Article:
Chapter 14 disperse system

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Information about Chapter 14 disperse system
Health & Medicine

Published on September 18, 2014

Author: kennytirorx

Source: slideshare.net

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DISPERSE SYSTEMS: COMPONENTS  DISPERSED PHASE The undissolved or immiscible drug (suspensoid) distributed throughout the liquid vehicle. Also called the “internal phase”

 DISPERSION MEDIUM The liquid vehicle, to which the insoluble drug is distributed. Also called “external phase”

DISPERSE SYSTEMS PARTICLE SIZES Colloidal dispersions – 1 nm to 0.5 nm  Coarse dispersions (suspensions and emulsions) – 10 um to 50 um  Fine dispersions ( magmas and gels) – 0.5 um to 10 um

SUSPENSIONS  Disperse systems containing finely divided, insoluble drug particles (“suspensoids’) distributed somewhat uniformly throughout a liquid vehicle.  Ready to use liquid form (antacids and analgesics) Labeled as “Oral Suspension”

REASONS for SUSPENSIONS  For improving product stability  Ease of administration and flexibility in administration of a range of doses

Features desired in Pharmaceutical Suspension  1. Particles should settle slowly and should be readily re-dispersed upon shaking of the container.  2. The particle size of the suspensoid should remain fairly constant throughout long periods of undisturbed standing.  3. The suspension should pour readily and evenly from its container.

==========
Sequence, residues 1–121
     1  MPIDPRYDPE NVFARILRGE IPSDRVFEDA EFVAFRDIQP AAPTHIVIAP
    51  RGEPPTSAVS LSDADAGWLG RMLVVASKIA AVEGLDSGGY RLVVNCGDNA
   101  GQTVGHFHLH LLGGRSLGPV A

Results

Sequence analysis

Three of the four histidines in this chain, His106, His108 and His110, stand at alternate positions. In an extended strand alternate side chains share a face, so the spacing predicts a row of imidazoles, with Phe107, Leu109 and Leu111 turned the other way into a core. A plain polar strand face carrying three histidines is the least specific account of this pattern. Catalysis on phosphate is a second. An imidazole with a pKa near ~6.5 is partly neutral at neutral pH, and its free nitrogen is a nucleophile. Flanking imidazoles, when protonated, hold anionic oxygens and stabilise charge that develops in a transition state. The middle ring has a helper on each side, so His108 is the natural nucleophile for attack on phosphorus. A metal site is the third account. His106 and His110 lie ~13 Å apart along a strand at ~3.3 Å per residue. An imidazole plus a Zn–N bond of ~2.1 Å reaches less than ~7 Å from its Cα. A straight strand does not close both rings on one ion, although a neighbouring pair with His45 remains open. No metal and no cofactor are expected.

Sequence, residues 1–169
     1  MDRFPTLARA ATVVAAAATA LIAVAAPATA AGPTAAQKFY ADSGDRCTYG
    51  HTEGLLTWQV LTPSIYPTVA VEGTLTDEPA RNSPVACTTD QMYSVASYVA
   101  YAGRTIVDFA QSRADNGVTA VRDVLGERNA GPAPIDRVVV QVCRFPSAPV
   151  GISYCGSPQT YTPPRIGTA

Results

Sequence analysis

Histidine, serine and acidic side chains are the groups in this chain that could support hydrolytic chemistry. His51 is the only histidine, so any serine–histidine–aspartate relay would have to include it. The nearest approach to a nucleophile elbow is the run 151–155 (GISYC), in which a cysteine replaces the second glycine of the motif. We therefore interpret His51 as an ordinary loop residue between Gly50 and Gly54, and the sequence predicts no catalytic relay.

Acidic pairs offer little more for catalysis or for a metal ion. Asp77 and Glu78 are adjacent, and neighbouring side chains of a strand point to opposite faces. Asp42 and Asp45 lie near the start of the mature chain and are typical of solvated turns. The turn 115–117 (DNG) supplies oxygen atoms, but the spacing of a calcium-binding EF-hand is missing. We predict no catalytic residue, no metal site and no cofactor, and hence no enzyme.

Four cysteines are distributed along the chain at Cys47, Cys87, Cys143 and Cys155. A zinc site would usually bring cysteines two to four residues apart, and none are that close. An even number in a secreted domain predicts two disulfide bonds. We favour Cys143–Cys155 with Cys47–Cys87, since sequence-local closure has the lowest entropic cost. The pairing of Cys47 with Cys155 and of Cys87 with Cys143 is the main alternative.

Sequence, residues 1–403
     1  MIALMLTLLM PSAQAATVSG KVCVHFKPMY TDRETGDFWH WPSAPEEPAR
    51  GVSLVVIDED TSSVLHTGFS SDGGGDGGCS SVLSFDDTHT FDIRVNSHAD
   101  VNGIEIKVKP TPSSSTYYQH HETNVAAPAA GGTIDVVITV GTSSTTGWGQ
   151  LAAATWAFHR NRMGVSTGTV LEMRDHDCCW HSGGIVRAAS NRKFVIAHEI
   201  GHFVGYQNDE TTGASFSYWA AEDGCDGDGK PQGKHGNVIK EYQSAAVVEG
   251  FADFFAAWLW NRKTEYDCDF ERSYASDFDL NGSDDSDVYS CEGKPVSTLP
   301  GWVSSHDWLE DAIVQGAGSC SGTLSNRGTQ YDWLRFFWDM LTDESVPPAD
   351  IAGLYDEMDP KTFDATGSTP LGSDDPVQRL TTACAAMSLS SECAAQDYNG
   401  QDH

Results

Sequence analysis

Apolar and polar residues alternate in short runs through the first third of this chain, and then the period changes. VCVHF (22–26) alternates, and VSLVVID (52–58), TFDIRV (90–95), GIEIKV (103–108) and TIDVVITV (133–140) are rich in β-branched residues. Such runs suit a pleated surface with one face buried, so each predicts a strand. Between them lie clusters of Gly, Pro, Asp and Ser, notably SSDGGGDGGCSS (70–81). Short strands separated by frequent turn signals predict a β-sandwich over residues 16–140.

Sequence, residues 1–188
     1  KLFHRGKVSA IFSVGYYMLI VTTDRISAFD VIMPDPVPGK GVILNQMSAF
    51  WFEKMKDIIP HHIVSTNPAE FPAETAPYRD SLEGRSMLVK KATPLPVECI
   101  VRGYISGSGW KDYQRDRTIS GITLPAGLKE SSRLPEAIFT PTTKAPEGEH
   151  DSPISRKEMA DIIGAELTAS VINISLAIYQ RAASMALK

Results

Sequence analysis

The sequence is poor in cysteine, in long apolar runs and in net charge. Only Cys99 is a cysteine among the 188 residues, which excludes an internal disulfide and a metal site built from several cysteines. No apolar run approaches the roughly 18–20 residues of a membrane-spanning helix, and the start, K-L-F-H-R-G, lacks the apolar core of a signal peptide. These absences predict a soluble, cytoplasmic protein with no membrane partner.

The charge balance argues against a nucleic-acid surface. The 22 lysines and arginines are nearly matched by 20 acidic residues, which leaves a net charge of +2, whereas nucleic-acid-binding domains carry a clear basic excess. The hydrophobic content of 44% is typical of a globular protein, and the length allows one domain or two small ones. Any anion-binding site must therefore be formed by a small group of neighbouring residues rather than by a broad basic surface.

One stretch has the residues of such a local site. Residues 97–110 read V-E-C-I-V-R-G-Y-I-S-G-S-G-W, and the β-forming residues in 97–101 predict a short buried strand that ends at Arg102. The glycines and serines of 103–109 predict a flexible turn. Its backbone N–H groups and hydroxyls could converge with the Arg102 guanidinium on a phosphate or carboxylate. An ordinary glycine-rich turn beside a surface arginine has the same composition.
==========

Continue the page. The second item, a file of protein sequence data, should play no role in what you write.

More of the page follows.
DISPERSED PHASE: PHYSICAL FEATURES  Particle diameter is 1μm to 50μm  Particle size reduction is accomplished by: Micropulverization – 10μm-50μm Fluid energy grinding (jet milling or micronization) – under 10 μm

PACKAGING AND STORAGE OF SUSPENSION  packaged in wide-mouth containers having adequate airspace above the liquid to permit thorough mixing by shaking and ease of pouring  stored in tight containers protected from freezing, excessive heat, and light.

EXAMPLES OF ORAL SUSPENSIONS  Antacid Oral Suspensions are intended to counteract the effects of gastric hyperacidity and as such are employed by persons, such as peptic ulcer patients, who must reduce the level of acidity in the stomach. They are also widely employed and sold over the counter (OTC) to patients with acid indigestion, heartburn, and sour stomach.